Every Tuesday and Thursday from 30 March to 30 October 2015
Image: Nigel Blake
Catch us if you can.We corncrakes aren't natural show-offs, but visit Loch Gruinart and you might just see a different side of us.Use your ears and eyes to work out where we like to hang out – you won't mistake our rasping call for that of any other bird.If we're not around, don't worry - pop along to The Oa nature reserve where the wide-open moorland and towering sea-cliffs await you. It's also the perfect place to see golden eagles soaring high above you.The friendly staff at the RSPB are running weekly guided walks to see us both. Guided walks cost £4 for non-RSPB members, £2 for members and under 16s go free!So what are you waiting for? Come to Islay and see us for yourself. A visit to Islay will linger in the memory for years.
Go golden eagle hunting every Tuesday at The Oa (meet in the Upper Killeyan car park), or listen out for corncrakes every Thursday at Loch Gruinart (meet in the visitor centre).All walks start at 10am and you'll be accompanied by friendly and knowledgeable staff.We're also running a number of other events (details below) so that you can sample the whole splendour of Islay's wild places.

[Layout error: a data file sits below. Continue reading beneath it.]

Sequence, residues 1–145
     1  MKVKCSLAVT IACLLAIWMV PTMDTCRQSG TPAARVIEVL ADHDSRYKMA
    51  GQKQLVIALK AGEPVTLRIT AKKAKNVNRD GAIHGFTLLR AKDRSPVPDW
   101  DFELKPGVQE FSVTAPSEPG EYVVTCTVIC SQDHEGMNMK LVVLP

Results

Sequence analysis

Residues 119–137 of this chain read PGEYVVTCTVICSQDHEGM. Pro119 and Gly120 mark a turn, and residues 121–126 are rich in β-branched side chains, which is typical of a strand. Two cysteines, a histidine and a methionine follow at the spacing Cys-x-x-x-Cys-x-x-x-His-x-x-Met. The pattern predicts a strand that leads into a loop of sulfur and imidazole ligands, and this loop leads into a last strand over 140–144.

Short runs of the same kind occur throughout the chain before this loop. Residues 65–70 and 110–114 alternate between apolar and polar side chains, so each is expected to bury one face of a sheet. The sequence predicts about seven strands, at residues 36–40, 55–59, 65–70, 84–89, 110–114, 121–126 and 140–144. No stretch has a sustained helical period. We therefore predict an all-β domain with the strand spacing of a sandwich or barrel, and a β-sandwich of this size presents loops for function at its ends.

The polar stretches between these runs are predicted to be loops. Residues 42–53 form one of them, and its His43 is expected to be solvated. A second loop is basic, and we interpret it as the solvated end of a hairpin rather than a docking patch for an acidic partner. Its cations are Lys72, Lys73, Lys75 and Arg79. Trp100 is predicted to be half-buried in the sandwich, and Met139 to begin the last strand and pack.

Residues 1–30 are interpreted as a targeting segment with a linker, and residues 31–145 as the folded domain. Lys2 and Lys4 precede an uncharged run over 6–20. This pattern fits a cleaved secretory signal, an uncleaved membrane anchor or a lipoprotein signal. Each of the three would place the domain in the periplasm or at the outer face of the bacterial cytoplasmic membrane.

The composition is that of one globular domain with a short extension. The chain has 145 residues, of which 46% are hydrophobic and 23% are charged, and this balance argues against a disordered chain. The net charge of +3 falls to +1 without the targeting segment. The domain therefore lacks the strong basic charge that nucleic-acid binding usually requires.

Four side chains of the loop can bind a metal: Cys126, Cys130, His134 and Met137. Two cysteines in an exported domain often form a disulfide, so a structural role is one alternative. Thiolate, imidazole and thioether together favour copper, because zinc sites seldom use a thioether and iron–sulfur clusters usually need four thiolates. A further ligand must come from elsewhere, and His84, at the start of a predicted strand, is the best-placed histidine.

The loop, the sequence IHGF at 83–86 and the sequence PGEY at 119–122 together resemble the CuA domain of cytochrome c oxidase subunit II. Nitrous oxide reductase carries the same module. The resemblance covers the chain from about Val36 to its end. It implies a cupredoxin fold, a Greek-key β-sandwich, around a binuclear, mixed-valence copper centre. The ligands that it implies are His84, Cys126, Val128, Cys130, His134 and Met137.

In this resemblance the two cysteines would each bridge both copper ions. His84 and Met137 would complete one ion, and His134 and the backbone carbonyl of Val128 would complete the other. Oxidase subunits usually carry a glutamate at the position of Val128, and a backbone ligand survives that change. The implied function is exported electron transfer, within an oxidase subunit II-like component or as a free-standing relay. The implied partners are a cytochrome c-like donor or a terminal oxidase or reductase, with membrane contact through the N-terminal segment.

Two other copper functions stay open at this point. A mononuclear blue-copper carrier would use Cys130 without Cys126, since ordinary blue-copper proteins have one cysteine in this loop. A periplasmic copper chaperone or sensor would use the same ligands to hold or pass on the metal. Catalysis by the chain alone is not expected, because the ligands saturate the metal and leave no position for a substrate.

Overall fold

By carLoch Gruinart nature reserve is signed from A847 Bridgend to Bruichladdich road, 3 miles (4.8 km) from turn-off.The Oa nature reserve is approximately 6 miles (9.6 km) south-west of Port Ellen, Isle of Islay.By busThere are no buses direct to the reserves. The nearest stop to Loch Gruinart is 3 miles (4.8 km) away. Passengers should alight at the junction on the A847 Bridgend to Bruichladdich road, then there will be a three-mile walk. Or if on the Port Askaig route, alight at Bridgend - a six-mile walk to the reserve.Other ways to get to the reserveVisitors can travel to Islay by boat from Kennacraig to Port Askaig or Port Ellen on Islay (contact Caledonian MacBrayne on: 08000 66 5000) or by plane from Glasgow.
Bring sturdy footwear and waterproofs!
Telephone: Loch Gruinart nature reserve 01496 850505
This date has been brought to you with the help of Scottish Natural Heritage and the HELP project; a cross-border project funded by the EU's European Regional Development Fund, Northern Ireland's Department of Environment and the Department of Environment, Heritage and Local Government in the Republic of Ireland. The Special EU Programmes Body, through its Interreg IVA programme, manages the funding of the project.
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